Mindfully Navigating the Holidays
The late fall and winter can be a challenge for anyone when it comes to maintaining healthy habits. We are often confronted with experience after experience which tempts us with more alcohol or foods/treats than we would normally see in weeks or heck, months! This is especially true for the health-conscious endurance athlete.
It would be easy to lay down a bunch of simple points that may or may not have any evidence but which you could apply to keep lean and well through the holidays. For example:
- Drink water prior to going to your office and family holiday parties so you are less hungry upon arriving and thus less easily tempted with treats.
- Sip seltzer with juice at parties so folks assume you are having alcohol, and are less likely to get you a drink or offer you one.
- Park yourself by the veggie tray so the cheese and crackers stay on their own platter. I could go on and on here.
While I’ve heard all of these used, and I’m certain I’ve used them at some points with athletes over the past 20 years, it has become very clear that… They are at best, temporary… And at worst, absolutely fail to help you get through the holiday’s any healthier than you started, or any more prepared for the rest of life than you came into this 4-6 week period of revelry!
There are a lot of levels to consider when we look at what drives us to eat/drink to excess this time of year. The happiness that comes from fond memories associated with big meals and family/friends. Reduced inhibitions from excessive alcohol intake. And less often considered, but certainly a big factor, reduced inhibitions, and a desire to cope, as a result of extra life stress in the form of end of year deadlines, holiday shopping, less time for everything we may want or need to accomplish and even increasingly cold and dark conditions! It’s our ability to handle these sorts of things, which will guide us through the holidays, and let us come out the other side happy, fit, and well.
So, what is the most important thing to help you get through the holiday season lean and healthy? What is this “trick” or “secret” that can be applied through out the year, and not just related to your diet?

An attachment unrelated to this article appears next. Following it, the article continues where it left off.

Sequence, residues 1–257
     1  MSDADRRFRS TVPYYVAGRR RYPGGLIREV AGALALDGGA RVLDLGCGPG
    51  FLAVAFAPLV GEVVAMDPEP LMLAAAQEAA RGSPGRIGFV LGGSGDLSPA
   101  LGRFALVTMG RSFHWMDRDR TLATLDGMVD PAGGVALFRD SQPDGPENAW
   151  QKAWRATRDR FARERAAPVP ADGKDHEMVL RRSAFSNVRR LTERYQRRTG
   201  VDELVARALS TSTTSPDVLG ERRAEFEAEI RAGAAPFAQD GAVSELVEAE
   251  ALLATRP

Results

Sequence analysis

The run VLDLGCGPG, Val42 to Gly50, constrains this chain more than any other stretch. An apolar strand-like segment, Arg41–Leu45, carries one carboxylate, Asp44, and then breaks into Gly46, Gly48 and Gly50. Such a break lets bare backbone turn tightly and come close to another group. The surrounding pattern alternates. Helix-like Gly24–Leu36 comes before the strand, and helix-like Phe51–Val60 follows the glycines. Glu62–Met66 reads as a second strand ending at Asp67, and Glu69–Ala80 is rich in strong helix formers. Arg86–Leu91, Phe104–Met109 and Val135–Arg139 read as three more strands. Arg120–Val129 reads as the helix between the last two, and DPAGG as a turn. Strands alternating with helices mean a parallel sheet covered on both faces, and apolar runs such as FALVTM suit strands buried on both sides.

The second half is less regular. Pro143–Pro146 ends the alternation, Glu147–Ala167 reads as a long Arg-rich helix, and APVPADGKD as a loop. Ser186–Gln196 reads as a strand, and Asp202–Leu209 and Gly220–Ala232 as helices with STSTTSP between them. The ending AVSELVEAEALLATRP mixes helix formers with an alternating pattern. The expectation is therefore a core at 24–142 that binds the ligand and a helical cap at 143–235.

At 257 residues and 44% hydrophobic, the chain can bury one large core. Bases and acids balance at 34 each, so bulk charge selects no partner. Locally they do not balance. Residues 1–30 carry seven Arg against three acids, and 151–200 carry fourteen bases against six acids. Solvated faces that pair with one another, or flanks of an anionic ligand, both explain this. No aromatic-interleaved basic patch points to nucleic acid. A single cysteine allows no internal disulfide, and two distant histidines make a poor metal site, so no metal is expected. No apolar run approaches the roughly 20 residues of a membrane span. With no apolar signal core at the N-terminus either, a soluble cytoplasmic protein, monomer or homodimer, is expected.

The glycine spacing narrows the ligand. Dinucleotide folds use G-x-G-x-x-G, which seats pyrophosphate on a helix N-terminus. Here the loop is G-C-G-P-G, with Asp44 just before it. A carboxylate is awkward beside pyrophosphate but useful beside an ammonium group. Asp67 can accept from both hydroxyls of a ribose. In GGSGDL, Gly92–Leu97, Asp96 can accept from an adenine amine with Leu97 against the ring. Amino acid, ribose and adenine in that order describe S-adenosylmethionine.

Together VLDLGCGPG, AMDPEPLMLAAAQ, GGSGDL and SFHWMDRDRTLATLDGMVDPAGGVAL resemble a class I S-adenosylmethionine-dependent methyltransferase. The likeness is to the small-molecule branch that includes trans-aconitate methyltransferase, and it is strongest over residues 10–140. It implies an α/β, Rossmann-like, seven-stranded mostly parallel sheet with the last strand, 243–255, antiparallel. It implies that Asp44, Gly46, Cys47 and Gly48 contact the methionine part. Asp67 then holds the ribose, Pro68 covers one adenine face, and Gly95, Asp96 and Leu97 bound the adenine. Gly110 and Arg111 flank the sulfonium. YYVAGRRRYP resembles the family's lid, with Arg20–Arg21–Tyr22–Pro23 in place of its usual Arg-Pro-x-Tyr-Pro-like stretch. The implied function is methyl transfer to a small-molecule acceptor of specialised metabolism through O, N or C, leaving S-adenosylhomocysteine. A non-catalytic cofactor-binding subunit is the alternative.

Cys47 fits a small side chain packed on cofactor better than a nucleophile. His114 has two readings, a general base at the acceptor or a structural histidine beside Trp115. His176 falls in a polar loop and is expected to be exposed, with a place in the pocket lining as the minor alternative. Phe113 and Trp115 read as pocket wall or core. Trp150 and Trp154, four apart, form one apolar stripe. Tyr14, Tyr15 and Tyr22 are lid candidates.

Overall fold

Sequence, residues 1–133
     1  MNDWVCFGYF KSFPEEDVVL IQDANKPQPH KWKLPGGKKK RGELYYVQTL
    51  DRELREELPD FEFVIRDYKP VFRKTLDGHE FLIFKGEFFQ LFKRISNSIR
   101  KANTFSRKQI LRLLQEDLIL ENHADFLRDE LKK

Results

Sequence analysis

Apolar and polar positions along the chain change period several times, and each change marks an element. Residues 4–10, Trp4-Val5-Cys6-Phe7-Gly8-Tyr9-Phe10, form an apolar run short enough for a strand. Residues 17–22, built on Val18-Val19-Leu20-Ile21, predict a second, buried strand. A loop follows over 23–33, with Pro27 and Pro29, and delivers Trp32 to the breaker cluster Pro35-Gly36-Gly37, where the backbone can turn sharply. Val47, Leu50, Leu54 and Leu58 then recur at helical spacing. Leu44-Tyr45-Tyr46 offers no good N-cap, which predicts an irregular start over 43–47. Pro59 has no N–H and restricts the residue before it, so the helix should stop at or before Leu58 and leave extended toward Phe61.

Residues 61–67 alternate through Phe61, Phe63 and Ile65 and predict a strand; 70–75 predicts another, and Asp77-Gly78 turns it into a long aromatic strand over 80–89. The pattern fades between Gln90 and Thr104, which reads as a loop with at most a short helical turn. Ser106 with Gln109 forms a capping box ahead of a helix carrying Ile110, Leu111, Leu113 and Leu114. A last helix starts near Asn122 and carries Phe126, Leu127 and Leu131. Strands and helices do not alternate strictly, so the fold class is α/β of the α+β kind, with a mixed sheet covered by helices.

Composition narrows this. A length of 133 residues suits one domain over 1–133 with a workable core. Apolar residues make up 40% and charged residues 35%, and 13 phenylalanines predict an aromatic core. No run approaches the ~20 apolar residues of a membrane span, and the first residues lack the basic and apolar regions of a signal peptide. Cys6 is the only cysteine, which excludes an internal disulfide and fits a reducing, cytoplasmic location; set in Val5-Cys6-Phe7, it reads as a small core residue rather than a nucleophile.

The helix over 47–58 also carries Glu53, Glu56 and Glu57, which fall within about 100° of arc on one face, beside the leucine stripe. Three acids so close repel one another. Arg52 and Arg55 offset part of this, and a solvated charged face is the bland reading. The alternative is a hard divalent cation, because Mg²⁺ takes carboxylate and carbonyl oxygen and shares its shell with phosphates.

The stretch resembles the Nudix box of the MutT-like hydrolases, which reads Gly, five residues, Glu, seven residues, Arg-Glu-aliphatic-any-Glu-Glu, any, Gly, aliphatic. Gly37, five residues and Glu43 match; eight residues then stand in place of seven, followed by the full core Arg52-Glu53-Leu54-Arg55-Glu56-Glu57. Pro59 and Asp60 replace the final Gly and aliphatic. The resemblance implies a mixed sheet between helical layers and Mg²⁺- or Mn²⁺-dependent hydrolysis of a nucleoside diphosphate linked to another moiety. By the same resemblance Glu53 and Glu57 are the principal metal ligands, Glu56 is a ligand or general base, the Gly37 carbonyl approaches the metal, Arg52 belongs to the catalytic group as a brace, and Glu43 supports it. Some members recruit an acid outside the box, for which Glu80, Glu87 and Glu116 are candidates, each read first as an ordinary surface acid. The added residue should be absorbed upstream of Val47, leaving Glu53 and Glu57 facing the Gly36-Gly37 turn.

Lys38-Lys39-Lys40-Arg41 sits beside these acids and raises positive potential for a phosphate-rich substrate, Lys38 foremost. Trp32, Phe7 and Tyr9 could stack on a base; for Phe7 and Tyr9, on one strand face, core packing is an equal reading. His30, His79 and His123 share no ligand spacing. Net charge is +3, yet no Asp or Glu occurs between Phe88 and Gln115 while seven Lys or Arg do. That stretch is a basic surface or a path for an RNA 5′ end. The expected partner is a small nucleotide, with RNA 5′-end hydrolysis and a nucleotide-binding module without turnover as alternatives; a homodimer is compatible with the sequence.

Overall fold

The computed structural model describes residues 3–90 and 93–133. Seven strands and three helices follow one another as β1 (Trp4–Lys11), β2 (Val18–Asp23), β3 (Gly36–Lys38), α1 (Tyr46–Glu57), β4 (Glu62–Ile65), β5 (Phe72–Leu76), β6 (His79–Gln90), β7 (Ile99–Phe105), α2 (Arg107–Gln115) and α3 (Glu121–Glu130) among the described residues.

It’s not a secret at all, it’s a process. Mindfulness.
For some athletes, when I mention this, they assume I’m suggesting they go chant on a misty mountain to avoid one more holiday cookie or that extra pint of ale. I’m not. Mindfulness is really about being aware and curious of your experiences, and moving towards them with interest.
Judson Brewer MD, PhD, has a great, and simple description for how to build greater mindfulness, which I’ve found extremely helpful for athletes I coach over the last several years. Much simpler than approaches I used in the past!
Acknowledge what’s happening without applying a grade to it. Your experience is just that, an experience – don’t put a value on it, just be aware of what’s occurring.
Get curious about it. What’s happening and what are some options here?
Let go. You are aware of what is happening, you came up with a plan based on that experience. Try it. Don’t focus on it over and over and over. Don’t ponder if you made the right choice. Just enjoy expanding into your experience and moving forward.
Repeat this process – to me, this is almost like a computer scan. It’s in the background, you’re not really focused on it, but when a difference is noted it pops onto your screen, you acknowledge it and repeat.
How can this help you stay away from a second or third helping of Pumpkin Pie? By letting you experience it, learn, and move on.
For example, as you reach for the second serving: “That was so good, I really enjoyed it. Why am I reaching for more? I feel full. It’s not going to taste better the second time. Lets leave it there.” Now you move on, and continue your evening.
Here’s the catch with this approach. You may still end up eating some pie or having a drink. So are you going to blow through the holidays, coming out 5 pounds lighter and ripped? No. But are you going to come out of the holidays very close to the weight you went into them, and having built tools that help you make the best dietary choices you can for life? YES!
And that, is a huge value!
You get to experience life, you get to improve your ability to handle challenging situations – since mindfulness translates to everything you do and experience – and you get to stay lean, healthy and well through the holidays.
When you toe the start line at your next race, you will be grateful that you have developed this skill!
About The Contributor
This article was written by USA Cycling Certified Coach Will Kiriousis. Will has been coaching endurance athletes since the late 90’s. He started via his current company, Tri-Hard, in 1999. He has written for or been interviewed by magazines such as Trail Runner, Triathlete, Runners World, The Boston Globe, The Wall Street Journal among others. He lives in Leominster, MA where he can be found riding the local trails. Find Will on social @willkirousuis or firstname.lastname@example.org